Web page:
“Orson Welles as Harry Lime: The Third Man”
“….in Italy, for thirty years under the Borgias, they had warfare, terror, murder and bloodshed, but they produced Michelangelo, Leonardo da Vinci and the Renaissance. In Switzerland, they had brotherly love, they had five hundred years of democracy and peace—and what did that produce? The cuckoo clock.”
Is angst essential for creativity? If yes, does a peaceful period causes a creative vacuum?
I have been feeling a little stuck with my writing lately. No topic moves me sufficiently to write. It could be just a phase, a bout of lethargy that comes over me for no reason; a period of calm that intersperse intense rounds of warfare in strife zones. Like many writers, I write to understand, both the outer and inner worlds that I navigate each day. Some days, life chugs along smoothly like a car on cruise control. Days with clear roads, pleasant weather, and great visibility – easy days devoid of memorable moments. Then there are days when DQ is defiant, Princess is resistant and HH is self-absorbed. A day that starts with a loud thundershower, an afternoon when a monkey climbs into my kitchen (on the seventh floor!) and ends in an evening with no response from any of the job openings I applied for. I hate those days but feelings of helplessness, righteous rage, inadequacy, self-pity, all serve as catalysts for my writing. The adrenaline rush gives me a feeling of purpose, an artificial high that pumps creativity through my system.
Why do writers write? Since the time mankind started capturing thoughts in written words, I am sure every topic under the sun has been adequately covered, more eloquently than I ever could and with greater insight than I have at this moment. Why do I even bother to write?
I write to untangle the jumbled web of thoughts that constantly stream around in my head. With my words, I unravel the threads of disparate narratives that crisscross in front of my mind’s eye, like scenes from different movies playing in random order. During particularly trying times, the screen seems unnaturally clear, as if the personal crisis has granted me perfect vision, a tool to sort out my internal machinery. Perhaps it is an emotional extension of the body’s physical fight or flight instinct for survival that kicks in as needed to preserve life. I write to preserve my sanity.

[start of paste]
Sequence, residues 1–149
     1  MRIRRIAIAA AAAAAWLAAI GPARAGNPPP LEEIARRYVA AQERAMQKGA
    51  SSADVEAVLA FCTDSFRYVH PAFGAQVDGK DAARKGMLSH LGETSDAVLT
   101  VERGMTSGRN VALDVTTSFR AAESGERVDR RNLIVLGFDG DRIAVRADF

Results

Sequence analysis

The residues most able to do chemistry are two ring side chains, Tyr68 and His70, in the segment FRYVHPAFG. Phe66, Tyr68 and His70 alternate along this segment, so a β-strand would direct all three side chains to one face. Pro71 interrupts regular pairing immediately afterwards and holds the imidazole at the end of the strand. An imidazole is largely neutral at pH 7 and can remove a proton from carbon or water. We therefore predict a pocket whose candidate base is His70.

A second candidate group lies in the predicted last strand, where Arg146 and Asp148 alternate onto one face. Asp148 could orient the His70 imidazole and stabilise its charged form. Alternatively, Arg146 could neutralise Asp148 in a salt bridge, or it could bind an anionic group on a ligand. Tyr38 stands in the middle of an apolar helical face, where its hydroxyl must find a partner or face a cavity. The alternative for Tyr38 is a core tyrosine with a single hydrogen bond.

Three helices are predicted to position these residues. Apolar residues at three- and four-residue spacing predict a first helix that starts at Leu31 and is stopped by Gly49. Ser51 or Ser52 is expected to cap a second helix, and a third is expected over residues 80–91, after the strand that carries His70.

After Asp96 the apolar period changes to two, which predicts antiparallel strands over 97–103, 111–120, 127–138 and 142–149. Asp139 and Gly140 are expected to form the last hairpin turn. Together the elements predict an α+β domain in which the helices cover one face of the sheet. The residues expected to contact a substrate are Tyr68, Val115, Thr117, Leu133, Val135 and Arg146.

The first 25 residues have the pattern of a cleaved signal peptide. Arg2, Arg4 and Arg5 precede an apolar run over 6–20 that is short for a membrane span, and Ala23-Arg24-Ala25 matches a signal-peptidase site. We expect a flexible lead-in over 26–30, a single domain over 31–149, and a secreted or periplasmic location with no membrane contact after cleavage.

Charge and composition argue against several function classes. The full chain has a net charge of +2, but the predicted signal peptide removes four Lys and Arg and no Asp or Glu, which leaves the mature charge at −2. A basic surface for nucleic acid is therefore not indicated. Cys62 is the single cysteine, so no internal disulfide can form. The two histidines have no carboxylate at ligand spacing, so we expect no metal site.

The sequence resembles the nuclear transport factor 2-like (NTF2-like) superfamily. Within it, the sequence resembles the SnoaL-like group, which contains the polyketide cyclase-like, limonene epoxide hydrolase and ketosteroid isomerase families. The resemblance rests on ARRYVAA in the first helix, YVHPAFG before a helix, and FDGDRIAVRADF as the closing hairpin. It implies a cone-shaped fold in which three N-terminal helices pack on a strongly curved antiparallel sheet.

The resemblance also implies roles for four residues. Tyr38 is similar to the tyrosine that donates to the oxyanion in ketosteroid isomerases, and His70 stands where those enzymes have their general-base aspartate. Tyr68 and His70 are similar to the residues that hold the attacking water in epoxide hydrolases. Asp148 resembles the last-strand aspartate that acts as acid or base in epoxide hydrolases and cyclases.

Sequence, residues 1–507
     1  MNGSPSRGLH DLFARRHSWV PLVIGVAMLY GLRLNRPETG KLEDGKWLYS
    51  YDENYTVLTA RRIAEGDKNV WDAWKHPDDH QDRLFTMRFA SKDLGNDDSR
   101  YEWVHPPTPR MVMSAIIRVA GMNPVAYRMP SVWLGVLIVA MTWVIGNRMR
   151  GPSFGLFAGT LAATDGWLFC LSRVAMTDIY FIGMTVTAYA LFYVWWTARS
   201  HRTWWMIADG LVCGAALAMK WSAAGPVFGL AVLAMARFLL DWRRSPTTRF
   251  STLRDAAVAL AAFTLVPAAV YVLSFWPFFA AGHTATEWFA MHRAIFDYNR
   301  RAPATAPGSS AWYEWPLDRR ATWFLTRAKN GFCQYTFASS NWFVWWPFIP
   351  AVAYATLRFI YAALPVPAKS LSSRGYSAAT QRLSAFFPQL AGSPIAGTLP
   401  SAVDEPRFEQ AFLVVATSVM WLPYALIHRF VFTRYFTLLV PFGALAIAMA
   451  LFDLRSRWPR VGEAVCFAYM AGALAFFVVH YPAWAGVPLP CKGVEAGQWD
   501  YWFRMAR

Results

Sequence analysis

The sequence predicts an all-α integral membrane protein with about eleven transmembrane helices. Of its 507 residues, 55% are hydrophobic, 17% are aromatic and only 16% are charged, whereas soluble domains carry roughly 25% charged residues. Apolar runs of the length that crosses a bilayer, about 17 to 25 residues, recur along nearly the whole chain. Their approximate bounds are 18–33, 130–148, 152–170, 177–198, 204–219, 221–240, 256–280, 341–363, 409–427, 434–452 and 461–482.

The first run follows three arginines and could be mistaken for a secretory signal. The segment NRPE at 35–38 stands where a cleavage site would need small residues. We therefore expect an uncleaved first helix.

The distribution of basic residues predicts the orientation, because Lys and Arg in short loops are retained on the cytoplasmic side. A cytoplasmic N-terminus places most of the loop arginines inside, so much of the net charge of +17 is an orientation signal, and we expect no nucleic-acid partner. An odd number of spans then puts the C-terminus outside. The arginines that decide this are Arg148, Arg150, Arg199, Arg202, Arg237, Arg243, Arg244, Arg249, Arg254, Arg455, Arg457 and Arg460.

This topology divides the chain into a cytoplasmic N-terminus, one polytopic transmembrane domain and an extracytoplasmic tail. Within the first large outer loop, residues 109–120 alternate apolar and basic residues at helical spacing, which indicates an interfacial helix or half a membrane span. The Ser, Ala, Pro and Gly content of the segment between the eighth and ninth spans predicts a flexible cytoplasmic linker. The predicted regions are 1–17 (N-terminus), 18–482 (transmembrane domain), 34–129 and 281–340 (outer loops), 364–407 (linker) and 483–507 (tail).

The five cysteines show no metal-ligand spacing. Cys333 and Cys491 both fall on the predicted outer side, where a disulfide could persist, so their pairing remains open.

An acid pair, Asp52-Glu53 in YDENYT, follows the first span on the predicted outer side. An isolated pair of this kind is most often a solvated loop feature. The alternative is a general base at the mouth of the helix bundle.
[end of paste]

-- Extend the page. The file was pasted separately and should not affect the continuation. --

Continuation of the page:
I first started writing when I was overwhelmed by guilt at working full time after DQs birth. Sleep-deprived, hormonally unbalanced, emotionally distraught – the words came out of me as apologies to my little girl. Only when I wrote down my rambling thoughts did I make sense of my seemingly contradictory desires to be fulfilled personally and professionally.
“Into each life some rain must fall” and I have had my fair share. When the storm clouds gather and I wonder which way it will blow, for how long and how hard, that’s when my senses are at high alert, not just to the cues outside but to the internal radar that serves as my guide. Under that rain-soaked cloud, cloaked in the hazy half-light, I have my moments of clarity. Epiphanies abound. Learning is accelerated. A spiritual growth spurt occurs. Accompanied by a strong urge to preserve that experience in words.
I have had periods of remarkable stability as well. Phases where I felt I was in control – of my day, of my life, of my moods. I have been shaped by these quietly introspective months as well as the momentous upheavals of major life events. Perhaps I have written less during the peaceful phases because my ideas needed a time of gestation to mature, to coalesce into some inchoate form that could then be identified and named. Life has been a continuous process of learning, letting go and relearning. My writing is not a final polished product but a witness to the process of my growth.
As Anna Quindlen’s protagonist Rebecca Winter in “Still life with bread crumbs” puts it
“Then when she really thought about it she realized she’d been becoming different people for as long as she could remember but had never really noticed, or had put it down to moods, or marriage, or motherhood. The problem was that she’d thought that at a certain point she would be a finished product. Now she wasn’t sure what that might be, especially when she considered how sure she had been about it at various times in the past, and how wrong she’d been.”
With each wave, a gentle surf or a tsunami, I change and evolve. With each turn of the road, I choose my path and my attitude. With each chapter of my life, I write my book.